Recognizing Two Modes of Thinking and Living: Kierkegaardian and Confucian

Authors


CHUNG-YING CHENG, Professor, Department of Philosophy, University of Hawaii at Manoa. Specialties: Confucianism and Neo-Confucianism, hermeneutics/ontohermeneutics, philosophy of language. E-mail: ccheng@hawaii.edu

Abstract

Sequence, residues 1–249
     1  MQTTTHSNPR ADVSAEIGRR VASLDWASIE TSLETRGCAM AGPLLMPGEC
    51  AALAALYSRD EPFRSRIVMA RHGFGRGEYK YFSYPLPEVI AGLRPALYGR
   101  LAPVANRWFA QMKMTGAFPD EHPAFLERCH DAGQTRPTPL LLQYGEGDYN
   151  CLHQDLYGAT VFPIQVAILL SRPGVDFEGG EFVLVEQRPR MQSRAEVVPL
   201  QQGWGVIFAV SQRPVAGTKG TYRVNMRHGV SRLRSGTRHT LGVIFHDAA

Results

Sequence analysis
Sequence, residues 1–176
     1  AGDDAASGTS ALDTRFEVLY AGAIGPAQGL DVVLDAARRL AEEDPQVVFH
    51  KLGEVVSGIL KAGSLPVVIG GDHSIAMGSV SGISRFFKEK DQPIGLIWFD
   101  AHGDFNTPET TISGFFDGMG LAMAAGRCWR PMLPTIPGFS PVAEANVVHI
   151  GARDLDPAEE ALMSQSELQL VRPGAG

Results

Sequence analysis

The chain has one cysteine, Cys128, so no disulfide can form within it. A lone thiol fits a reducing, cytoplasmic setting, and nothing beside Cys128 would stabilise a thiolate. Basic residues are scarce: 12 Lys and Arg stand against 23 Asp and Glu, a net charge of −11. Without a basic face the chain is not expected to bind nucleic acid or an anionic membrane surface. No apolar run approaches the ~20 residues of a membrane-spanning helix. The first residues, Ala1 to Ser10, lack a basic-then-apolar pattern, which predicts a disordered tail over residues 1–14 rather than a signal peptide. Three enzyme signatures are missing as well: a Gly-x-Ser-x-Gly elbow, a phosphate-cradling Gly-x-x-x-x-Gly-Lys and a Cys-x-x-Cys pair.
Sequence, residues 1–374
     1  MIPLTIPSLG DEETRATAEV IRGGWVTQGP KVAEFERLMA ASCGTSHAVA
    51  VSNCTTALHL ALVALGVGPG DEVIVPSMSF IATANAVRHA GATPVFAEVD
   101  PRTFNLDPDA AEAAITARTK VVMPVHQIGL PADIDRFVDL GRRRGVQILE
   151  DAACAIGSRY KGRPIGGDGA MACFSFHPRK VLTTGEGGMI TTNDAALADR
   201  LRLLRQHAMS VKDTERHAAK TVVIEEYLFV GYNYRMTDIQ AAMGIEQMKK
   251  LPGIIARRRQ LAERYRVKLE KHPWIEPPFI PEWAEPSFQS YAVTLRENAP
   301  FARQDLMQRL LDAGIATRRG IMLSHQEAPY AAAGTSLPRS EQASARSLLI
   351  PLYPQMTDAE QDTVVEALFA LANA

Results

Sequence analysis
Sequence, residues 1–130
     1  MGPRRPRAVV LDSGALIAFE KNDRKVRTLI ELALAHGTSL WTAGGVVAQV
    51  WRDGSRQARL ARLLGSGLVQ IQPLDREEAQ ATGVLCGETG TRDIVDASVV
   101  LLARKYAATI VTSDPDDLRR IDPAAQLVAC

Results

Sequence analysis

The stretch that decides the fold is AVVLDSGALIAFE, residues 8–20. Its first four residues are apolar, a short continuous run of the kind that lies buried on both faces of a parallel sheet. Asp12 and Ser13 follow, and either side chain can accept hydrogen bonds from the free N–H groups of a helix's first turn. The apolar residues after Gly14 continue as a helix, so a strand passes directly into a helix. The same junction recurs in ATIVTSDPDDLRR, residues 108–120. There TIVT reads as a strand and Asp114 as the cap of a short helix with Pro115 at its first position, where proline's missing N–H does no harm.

Three basic questions regarding ethics and religion are explicitly raised by Kierkegaard; he offers his own answers to those questions. Since these three questions deal with basic issues of the meaning and purpose of human existence, they point to both theoretical and practical concerns which Confucianism also addresses. In addition, these questions provoke a Confucian response concerning the origin, nature and the goal of human existence. In this contrastive inquiry I present a polaristic approach which enhances the importance and significance of both Kierkegaardian and Confucian perspectives, posing a timely question of choice and decision for contemporary human persons.

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